Produce a patch compliance report you can share with your clients to gain visibility into your work.

Step 10: Review, improve, and repeat

Establish a cadence for repeating and optimizing steps 1-9. This should include phasing out or isolating any outdated or unsupported machines, reviewing your policies, and revisiting exceptions to verify whether they still apply or are necessary.

What are patch management best practices for MSPs heading into 2019?

As the demand for effective patch management continues to become more integral, MSPs need to improve on their own process and offerings or risk falling behind. Here are three keys to MSPs providing smarter, more efficient, and more effective patch management services in 2019.

1) Automate as much as possible

Patching is a game that’s extremely easy to fall behind in, especially if you’re still relying on identifying, evaluating, and deploying patches manually. Cloud-based, automated patch management solutions allow MSPs to schedule regular update scans, and ensure patches are applied under specific conditions or automatically.

How NinjaRMM can help:

  • Automate patching for Windows and third-party software from over 120 vendors.

  • Easily configure patch scanning and update schedules for specific segments of devices or users. Get granular control or set it and forget it.

  • Less time combining through new update releases and vulnerability disclosures, more time growing your business.

2) Mitigate the need to constantly validate patch deployment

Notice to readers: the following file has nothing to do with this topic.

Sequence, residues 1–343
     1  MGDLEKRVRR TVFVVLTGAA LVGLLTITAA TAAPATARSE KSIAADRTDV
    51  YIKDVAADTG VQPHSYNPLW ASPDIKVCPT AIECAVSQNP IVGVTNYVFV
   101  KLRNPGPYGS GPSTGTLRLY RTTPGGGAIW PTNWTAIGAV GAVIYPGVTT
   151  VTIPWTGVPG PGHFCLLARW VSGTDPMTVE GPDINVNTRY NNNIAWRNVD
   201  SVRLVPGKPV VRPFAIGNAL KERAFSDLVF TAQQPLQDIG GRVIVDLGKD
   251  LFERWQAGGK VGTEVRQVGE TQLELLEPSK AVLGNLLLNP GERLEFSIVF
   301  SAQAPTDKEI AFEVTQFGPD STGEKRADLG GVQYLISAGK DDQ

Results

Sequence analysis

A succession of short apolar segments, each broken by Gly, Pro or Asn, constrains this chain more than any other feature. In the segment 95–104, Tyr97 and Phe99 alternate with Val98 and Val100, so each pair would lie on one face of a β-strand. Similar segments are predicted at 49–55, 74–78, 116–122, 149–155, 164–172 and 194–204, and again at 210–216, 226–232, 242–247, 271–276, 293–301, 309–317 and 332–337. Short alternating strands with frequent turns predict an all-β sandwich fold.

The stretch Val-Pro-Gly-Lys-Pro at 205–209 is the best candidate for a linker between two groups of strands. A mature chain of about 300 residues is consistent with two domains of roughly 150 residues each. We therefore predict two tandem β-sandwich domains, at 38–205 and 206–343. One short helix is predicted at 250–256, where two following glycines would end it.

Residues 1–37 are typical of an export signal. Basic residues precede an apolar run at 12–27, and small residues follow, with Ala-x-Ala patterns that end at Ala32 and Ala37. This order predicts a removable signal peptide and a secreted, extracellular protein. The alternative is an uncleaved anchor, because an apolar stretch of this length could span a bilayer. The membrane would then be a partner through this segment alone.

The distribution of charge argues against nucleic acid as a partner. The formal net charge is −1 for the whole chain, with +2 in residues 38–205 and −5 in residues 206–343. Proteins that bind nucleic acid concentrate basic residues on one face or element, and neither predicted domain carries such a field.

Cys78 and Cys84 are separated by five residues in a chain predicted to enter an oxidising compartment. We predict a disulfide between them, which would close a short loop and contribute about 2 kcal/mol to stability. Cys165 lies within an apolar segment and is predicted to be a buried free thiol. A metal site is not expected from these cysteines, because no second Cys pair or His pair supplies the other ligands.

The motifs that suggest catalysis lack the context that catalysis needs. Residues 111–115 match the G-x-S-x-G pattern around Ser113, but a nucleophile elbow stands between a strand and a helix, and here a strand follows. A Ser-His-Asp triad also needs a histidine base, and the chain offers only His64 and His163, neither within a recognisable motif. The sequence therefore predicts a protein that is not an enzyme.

Despite patching automation becoming increasingly popular, MSPs unfortunately can’t always assume automated patching solutions are working as promised. That means time-consuming, manual validation. Developing scripts or processes to ease that burden (or, better yet, utilizing solutions that don’t require double-checking) is a worthwhile investment.

How NinjaRMM can help:

  • Gain access to detailed patch audit reporting.

  • Eliminate the guesswork by ensuring you have access to reliable real-time information.

3) Streamline reporting

Everything you do as an MSP should be communicated as value-add to your clients. Patch management should be no exception, but delivering patch management audit reports should be as automatic as possible. After all, the more time reporting takes, the less time you have for providing additional services and growing your business.

How NinjaRMM can help:

  • Generate patch compliance reports that highlight the number of patches you’ve applied.
  • Give your hard work more visibility with your clients.

See NinjaRMM’s top-rated patch management for yourself. Get started with a 30-day free trial.

“The patch management feature blows all other RMMs out of the water, and the ease of use is what all other RMM products hope for.” — Matthew Anciaux, Monarchy IT LLC

Jonathan Crowe is senior content manager at NinjaRMM. Read more NinjaRMM blogs here.